"Good evening and welcome to our viewers in the United States and around the world we're just moments away from the C. N. N. New York Times Democratic presidential debate. I'm Jake Tapper along with Chris Cuomo this is what is quite literally the field of candidates on a debate stage ever in American political history here in Audubon University in Westerville Ohio just outside Mambas Jake great to be here with you I don doesn't Democratic presidential candidates are here they've been streaming in over the last hour or so some with their closest friend ends and advisors in tow I'm coming to you from the proverbial spin room as the candidates in their teams put the finishing touches on their game plans for this critical night in the two thousand twenty right this Chris is it there's there's no night to know undercard debate no second-stage that's true and you know we'll probably never see this again in this election it's likely that up to three of these people that you see at twelve dozen Democrats up there they may not make the next round but the big story is going to be centerstage Joe Biden and Elizabeth warn sure they're going to be flanked by other candidates this may be that last chance to make an impact but when you watch those two can only be one number one so how are they going to deal with attacks on them whom will they target and how and of course there's a lot of news since they last debated Jake you know obviously we have a formal impeachment inquiry into the incident his personal attorney is under criminal investigation stemming from that White House release of a rough transcript of a call between our president and Ukraine's leader where the president asks for saver and talks about investigating his political rival who of course is on the stage Jake so it's a big deal and they're big stakes especially in the middle of that stage also the first time that there'll be a debate since the president decided to pull troops out of northern Syria but there's a lot to talk about let's discuss it right now with with my team what are you looking for tonight. The what is the most important thing for viewers the tuning in to keep an eye on a lot of folks on that stage the dynamics of this race exchange you've seen Warren ascendant she's essentially the CO front runner here I think she is going to have a lot of folks coming at her who comes at our easy going to be biding his folks are suggesting that maybe maybe not they're not going to necessarily attack are they do want to draw the contrast in terms of what he would do with healthcare what she would do with healthcare and then Opel's undercard folks right who might not make it to the next stage somebody like Tulsi Gabbard who's proven to be a bit of a wild car in previous debates what does she do how do they get in the mix how do they break through this pack of twelve and what is born look like the Senate also Joe Biden he's been sort of average at these debates weren't as much better debater how does he bring his a game something we haven't quite seen from him yet maybe he does it he's obviously under a lot of scrutiny what happened with Ukraine and seen a warrant in some ways a lap him at this point in some of these polls and David Hunter Biden the vice president former vice president's son almost like the thirteenth person on the stage and to be clear president trump and his team have lied significantly about Joe Biden and the sun Hunter Biden the president's conduct in terms of pushing asking other countries to investigate the Biden's has been deemed impeachable or at least enough for impeachment inquiry but beyond that there is also this question here is a question about Hunter Biden what he was doing and whether it was appropriate for him to be on the payroll of this mccranie energy company while his father was vice president and had the Ukraine Portfolio for the administration he said this morning that he he thought maybe he made an error in judgment by Hunter Biden Joe Biden hasn't given any quarter on this he said my son did nothing wrong but in my astray Shin he won't have any so it the the point I guess is he's done nothing wrong but he won't do it again right but one of the things when I asked US caboodle judge about this on Sunday Gloria Borger the first thing he did was defend Joe Biden and start going after president trump and president trump's children I think you're going to hear a lot of that on the stage some of them on the campaign trail have said we won't have our children serving in our administration but Joe Biden has said that as well now I think given the opportunity to take on trump versus Joe Biden on this issue and the conspiracy theories that are being fed by the trump campaign. Yeah I think they're going to do that one thing I want to say is I think we need to look at Bernie Sanders Tonight because Elizabeth Warren has risen and he's declined he's had a heart attack I think he has to look as vigorous as his looked at the last debates and show show voters that he's okay and I'm wondering whether in fact he will take on Warren he did it a little bit earlier this week where he said she said she's a capitalist ruin through Bates debate stage in the history of man as far as we go we had eleven and two thousand fifteen this is well one more three hours that is a long time for a twenty year old to stand on a stage and be deaf than answer questions much less somebody who just had a heart procedure because he suffered a heart attack Louis and you have a lot of candidates who might be trying to make breakout moments it's a very stressful situation I wouldn't want to be Bernie Sanders his wife right now watching this shoes I just hope that that he's that he's doing what we all hope he does tonight the other new thing about tonight is that we are having a debate while president is impeachment inquiry that has also never happened before in the history of man and a lot of these candidates came out really strong on impeachment very early didn't they were bowled they understood than Castro was born with second yeah was out there booker was out there this week so my question is the other candidates use that against Biden he waited until Congress public opinion fifty percent of independence and like a quarter of Republicans said it was okay before he said the president ought to be impeached so do they use that as a wedge issue like van the fact that an impeachment inquiry is going on right now does that mean do you think that Democrats should talk a lot about that and a lot about donald trump in their view he's unsuitable or more should they follow the example that you were telling me about which is you go out and talk about talk to voters all the time and they don't bring up right impeachment with you it really doesn't come up they've gotta talk about they've got to deal with it but I think that if they are thinking about the voters at the youngest look the question does Bernie still have his bark and Pete have a bite is going to do anything to separate himself this should be right Syria he is a veteran he he he can own that issue Tulsi Gabbard camp but he can also he has a big difference of opinion Elizabeth born on Medicare for all he said Medicare for all who wanted don't make people go on it if he does not find a way tonight to stop being the puppy dog and becoming attack dog I don't understand this strategy do agree with accuracy do you think that people judge needs to step up and be more aggressive he could stand me to be a lot more aggressive and this is really his opportunity to do it I think and if he doesn't do tonight is probably not going to happen and so I would expect to see a lot of around the Medicare for all that's that's really where the agreement is GonNa come between Warren Sanders and the rest of the people on the stage and that's where they can have a clarifying moment with them especially you know go after Warren now really a lot of people weren't going after her I think everyone understood that she was ascendant but now she really is a top two candidate and so I think it'll be interesting to see anybody can land a punch on her she is just so data such death debater how do you go after the this is a difficult thing in the dynamics of politics how do you go after a a woman candidate that can be dicey for a male candidate he comes across my Rick Lazio going after Hillary Clinton Donald Trump going after Hillary Clinton there's ask John Delaney went after Elizabeth Warren and she left him by the road so I think she's very equipped to provider she's the most deft debater on the stage in one of the reasons people haven't gone after her is because they're a little worried about tangling with her but she's the front row under now and unless they want to just spew strewn rose petals in front of her toward the nomination they better start drawing those distinct you've got to care for the the listen on Medicare for all she has played a cagey game she said I'm with Bernie she has a plan for every single problem but the one that's most for paramount in people's uh-huh healthcare my view is she's holding back trying to consolidate the left and then she will have a more nuanced healthcare plan but she she's going to be pressed on that tonight I think yeah who doesn't obviously I mean sanders has been doing that a bit Pete Buddha judge has been doing that a bit as well can he actually bring the other thing is who who kind of comes to her aid on between those folks so it'll be really interesting Biden could take her own let's turn our attention right now back to the stage where the debate is going to be playing out at the top of the hour and ladies and gentlemen please rise for the national anthem performed by Broadway star George Dada thousand sixteen graduate of university.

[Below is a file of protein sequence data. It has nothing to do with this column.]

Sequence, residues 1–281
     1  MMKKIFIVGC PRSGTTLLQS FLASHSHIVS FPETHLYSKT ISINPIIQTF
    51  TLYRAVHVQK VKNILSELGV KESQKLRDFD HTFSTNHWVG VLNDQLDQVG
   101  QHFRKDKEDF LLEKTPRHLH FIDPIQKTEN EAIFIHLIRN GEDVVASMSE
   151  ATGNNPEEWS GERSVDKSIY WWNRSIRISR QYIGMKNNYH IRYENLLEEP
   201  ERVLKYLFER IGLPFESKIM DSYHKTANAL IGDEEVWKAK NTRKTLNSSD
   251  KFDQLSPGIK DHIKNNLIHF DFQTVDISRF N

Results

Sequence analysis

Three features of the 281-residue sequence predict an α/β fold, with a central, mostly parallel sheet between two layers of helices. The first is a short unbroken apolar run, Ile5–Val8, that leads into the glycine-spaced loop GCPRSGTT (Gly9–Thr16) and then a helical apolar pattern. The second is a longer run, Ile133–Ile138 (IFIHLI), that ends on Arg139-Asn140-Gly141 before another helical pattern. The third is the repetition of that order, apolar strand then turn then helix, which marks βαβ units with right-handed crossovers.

"the new york times" Discussed on The Daily